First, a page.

N.J. Health Commissioner expects COVID-19 vaccines to land in N.J. next month

A gloved finger prepares the COVID-19 vaccine to administer to a volunteer.

Senior Clinical Research Nurse Ajithkumar Sukumaran prepares the COVID-19 vaccine to administer to a volunteer, at a clinic in London, Wednesday, Aug. 5, 2020. (Kirsty Wigglesworth/AP Photo)

New Jersey expects shipments of Pfizer and Moderna COVID-19 vaccines as soon as December, Health Commissioner Judy Persichilli said Friday. The earliest shipments are expected to go to health care professionals and first responders first, with the vaccine likely becoming available to the public in April or May, she said The state considers the 100,000 employees and 90,000 residents in long-term care facilities to be a high priority.  Nearly 40,000 people in long-term facilities, including staff and residents, were diagnosed with the novel coronavirus between March and September. More than 7,000 died as a result. The Garden State has reported the highest long-term care case rate nationwide and the second-highest death rate, after Massachusetts, according to federal data, Persichilli said long-term facilities would be vaccinated through agreements the federal government has set with CVS and Walgreens,  Persichilli said. The Health Commissioner said the Pfizer vaccine is administered in two doses 21 days apart, with 130,000 units of the vaccine coming in mid-December, followed by another 130,000 units by the end of the year. Moderna, which is given in two shots 28 days apart, would likely send 100,000 doses in December and another 100,000 weeks later, she said. “So we could have between 400,000 and 460,000 doses of vaccine in the state by early January,” said Persichilli. The Pfizer vaccine requires ultra-cold storage, while Moderna’s needs only refrigeration. Persichilli said 40 of the state’s hospitals have said they have the ability to maintain ultra-cold storage. New Jersey is aiming to vaccinate about 4.7 million adults, or about 70% of the state’s population, within six months of availability, according to the commissioner.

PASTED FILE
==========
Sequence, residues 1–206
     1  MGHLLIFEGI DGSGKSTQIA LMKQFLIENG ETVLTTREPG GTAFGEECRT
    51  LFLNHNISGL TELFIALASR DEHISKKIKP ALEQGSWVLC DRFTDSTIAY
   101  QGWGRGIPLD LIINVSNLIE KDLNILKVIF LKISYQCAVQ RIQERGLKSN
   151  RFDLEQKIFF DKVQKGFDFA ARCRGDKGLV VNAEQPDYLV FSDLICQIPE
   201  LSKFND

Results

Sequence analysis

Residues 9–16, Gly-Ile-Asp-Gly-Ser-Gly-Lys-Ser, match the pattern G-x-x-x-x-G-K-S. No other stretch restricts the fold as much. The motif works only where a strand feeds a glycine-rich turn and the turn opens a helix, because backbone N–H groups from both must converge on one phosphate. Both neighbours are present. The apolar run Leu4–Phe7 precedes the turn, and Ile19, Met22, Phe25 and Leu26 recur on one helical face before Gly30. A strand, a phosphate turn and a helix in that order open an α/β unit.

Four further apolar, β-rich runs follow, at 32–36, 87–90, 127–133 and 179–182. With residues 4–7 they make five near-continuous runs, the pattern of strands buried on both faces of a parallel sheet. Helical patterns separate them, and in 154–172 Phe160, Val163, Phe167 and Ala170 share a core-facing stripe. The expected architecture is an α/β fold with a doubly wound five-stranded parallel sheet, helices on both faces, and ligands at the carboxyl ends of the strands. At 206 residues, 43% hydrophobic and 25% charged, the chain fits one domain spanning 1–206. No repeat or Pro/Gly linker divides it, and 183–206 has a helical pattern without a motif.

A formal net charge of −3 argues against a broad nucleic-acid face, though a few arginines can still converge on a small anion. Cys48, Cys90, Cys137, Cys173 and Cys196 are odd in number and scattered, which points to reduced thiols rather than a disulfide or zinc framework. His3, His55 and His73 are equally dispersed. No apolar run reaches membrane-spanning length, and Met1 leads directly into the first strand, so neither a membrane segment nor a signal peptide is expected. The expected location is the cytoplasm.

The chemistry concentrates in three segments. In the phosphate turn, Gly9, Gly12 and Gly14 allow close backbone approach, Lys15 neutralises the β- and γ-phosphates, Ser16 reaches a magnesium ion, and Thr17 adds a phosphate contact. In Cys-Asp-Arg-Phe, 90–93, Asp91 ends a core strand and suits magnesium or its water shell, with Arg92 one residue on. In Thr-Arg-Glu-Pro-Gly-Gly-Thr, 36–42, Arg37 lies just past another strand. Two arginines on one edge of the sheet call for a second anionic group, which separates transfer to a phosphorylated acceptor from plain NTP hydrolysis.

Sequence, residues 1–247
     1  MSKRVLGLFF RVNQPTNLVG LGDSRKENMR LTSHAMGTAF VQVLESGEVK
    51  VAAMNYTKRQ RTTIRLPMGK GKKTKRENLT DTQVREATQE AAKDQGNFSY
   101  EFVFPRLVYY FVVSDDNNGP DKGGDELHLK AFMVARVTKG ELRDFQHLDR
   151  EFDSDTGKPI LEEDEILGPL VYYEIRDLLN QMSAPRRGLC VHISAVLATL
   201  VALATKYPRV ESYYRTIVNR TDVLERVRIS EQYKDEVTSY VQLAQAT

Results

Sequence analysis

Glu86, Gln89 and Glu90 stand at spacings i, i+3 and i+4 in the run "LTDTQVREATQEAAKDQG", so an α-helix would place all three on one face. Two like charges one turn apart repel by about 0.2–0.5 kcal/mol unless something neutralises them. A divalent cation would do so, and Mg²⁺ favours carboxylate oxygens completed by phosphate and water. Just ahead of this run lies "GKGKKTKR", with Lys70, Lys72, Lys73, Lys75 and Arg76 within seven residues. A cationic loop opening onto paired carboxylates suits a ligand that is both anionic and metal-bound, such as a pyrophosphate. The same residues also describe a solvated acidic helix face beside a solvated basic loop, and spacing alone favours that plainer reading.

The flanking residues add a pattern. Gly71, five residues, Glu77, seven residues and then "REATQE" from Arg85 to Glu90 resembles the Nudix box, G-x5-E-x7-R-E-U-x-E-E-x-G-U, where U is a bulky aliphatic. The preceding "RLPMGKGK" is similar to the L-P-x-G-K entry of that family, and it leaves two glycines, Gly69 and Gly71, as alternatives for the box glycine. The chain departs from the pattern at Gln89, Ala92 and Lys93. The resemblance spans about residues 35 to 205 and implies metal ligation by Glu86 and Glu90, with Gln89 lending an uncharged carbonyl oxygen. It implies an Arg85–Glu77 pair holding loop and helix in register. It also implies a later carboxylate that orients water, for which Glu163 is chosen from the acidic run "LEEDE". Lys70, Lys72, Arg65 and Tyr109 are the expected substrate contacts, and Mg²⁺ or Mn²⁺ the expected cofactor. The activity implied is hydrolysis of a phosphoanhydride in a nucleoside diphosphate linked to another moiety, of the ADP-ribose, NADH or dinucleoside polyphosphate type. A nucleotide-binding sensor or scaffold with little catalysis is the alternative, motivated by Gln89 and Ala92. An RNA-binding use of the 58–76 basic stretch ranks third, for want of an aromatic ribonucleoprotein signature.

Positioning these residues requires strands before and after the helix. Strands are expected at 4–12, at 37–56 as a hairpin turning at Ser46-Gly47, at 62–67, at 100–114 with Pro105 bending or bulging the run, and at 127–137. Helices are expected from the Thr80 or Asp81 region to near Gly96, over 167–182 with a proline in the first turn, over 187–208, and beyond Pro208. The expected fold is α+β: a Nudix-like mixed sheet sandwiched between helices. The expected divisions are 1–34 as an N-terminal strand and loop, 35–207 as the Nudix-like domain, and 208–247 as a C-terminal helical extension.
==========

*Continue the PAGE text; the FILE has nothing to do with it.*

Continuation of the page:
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The announcement comes the same day Pfizer asked U.S. regulators for emergency use of its vaccine, with Moderna not far behind. While residents await the vaccine,” we need to actually double down on our public health measures,” Persichilli said Friday. “We must continue to social distance,” said the commissioner. “Wear a mask and wash our hands frequently, especially now that we have statewide community spread.” She urged people to get tested and participate actively in the contact tracing process. New Jersey Governor Phil Murphy, Friday, reported 3.635 new COVID-19 cases, bringing the statewide total to 297,370. The transmission rate is 1.4. The seven-day average of coronavirus cases for the second week in November, according to state figures, reached more than 3,500 cases daily, compared with about 900 cases a day in October. In September, the average was about 460. Hospitalizations are also up, reaching more than 2,500, compared with about 760 a month ago and roughly 400 the month before that.

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